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Rick Windham: Build a better hook and they will come

Rick Windham: Build a better hook and they will come

It happens to all of us sooner or later. As our eyes age we may need some help seeing things, particularly smaller things or items with finer detail.

I’m sure that many of those reading this column may have a story about frustrations of tying a No. 6 Aberdeen fish hook on to 4-pound test line. The eye of that hook is pretty small and threading that fine line through the eye, especially in subdued light, can be very frustrating.

Charlie Noack, president and founder of Valley Hook Co., was on my radio show recently to talk about this very thing. He ran into that same problem.

“It was May of 2014. That was the date when my eye doctor told me I needed cheaters. I was like — no, no, no! I’m a fisherman, I need my eyes to tie the hook on the line,” Noack said. “So instead of pouting, I invented a tieless hook … a win-win in my eyes.

“It took about a year and a half to get the hook where I wanted it. I had hired two field testers to get me 30 videos of them catching fish on the Valley Hook. I took their suggestions and modified the croc end, the end of the hook that normally has the eye and looks like a shepherds crook, until it was near perfect,” Noack said. “It not only has an automatic Snell affect, but it also makes it safer for the fish so you can release them more easily without as much damage.

“We are the only tieless fishing tackle company in the world,” he said. “The patented design makes attaching tackle to your line so easy, no cheaters needed! The hook and clasps are patented. I have three patents, and four more patents pending. We have the tieless size six hook, the mini clasp, the senior clasp and 13 spinners. We have had them on the market about 12 months now. We will also be adding a couple new items this spring to the line-up as well.”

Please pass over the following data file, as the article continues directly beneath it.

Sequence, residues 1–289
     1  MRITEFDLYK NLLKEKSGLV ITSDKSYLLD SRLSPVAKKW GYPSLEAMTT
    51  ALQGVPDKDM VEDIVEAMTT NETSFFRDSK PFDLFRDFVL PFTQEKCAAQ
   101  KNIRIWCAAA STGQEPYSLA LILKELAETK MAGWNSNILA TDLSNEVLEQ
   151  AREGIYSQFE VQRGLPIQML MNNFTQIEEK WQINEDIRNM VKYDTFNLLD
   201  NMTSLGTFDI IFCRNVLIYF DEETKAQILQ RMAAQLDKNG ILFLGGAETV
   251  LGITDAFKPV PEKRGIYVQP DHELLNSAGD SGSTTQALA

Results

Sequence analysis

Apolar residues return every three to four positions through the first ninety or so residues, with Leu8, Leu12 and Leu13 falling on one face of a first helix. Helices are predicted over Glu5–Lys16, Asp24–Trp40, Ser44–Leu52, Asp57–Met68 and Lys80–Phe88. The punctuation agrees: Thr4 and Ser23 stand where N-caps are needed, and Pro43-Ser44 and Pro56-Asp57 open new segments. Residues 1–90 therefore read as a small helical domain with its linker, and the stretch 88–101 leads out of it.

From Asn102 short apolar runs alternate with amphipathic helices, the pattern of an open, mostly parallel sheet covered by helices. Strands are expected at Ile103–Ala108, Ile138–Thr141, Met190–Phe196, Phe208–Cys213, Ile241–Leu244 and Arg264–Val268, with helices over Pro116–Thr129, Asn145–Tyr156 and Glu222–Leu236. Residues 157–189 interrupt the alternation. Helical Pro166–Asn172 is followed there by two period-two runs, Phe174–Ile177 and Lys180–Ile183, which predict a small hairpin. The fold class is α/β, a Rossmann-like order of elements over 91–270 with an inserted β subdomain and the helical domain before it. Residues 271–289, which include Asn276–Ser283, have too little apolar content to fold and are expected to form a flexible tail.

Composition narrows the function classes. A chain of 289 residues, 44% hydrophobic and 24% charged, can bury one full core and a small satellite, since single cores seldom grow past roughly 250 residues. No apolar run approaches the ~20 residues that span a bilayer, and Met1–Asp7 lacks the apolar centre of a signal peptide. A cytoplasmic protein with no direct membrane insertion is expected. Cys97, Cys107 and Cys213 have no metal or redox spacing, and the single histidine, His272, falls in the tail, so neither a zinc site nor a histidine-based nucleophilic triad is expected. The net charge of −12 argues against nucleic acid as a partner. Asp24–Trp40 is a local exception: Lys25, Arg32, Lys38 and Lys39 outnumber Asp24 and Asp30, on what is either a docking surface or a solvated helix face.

Everything I heard sounded well and good, but now for the question every angler wants to know: How easy is it to use?

“It’s very simple,” Noack said. “Tie a simple overhand knot at the end of your braided line, make a loop, pull it into the shepherds crook, and come at least one time around creating the cinch to lock it into place. That’s it, you’re ready to go fishing.”

After our radio interview I took one of the samples that Noack had sent me and tried to tie it on a 6-pound test line. It took less that five seconds and held tight.

The instructions that come with the hooks say you should use a line of .012 diameter or larger. I tied my hook on with monofilament line, not the braided line that Noack recommends, because I didn’t have braided line handy. I can see where a braided line would be much more secure and a stronger attachment.

I found a great video of Noack and his invention on YouTube. Look up, “No More Tying A Fishing Knot! More Time For Fishing!” and see how to use Noack’s tieless system, the different hooks and spinners in action. It is worth five minutes to watch it.

I asked Noack where you could find his products in Nebraska.

“Nobody yet, but hopefully soon,” Noack answered. “We sell on our website, We are just starting to branch out and get the distributors involved.

“One final note I’d like to mention. Our products were designed for the novice and for people that have a physical disability that may not allow them to fish,” he said. “Normally I would need cheaters to see, but I don’t using my products. We’ve worked with people who have disabilities and you can attach my products if you were blind, have only one hand, or other dexterity problems. We donate our products to the Wounded Warriors of Wisconsin, and to the M.A. Daily Foundation. We are learning that the average fisherman like easy, and our products are easier than anything on the market.”

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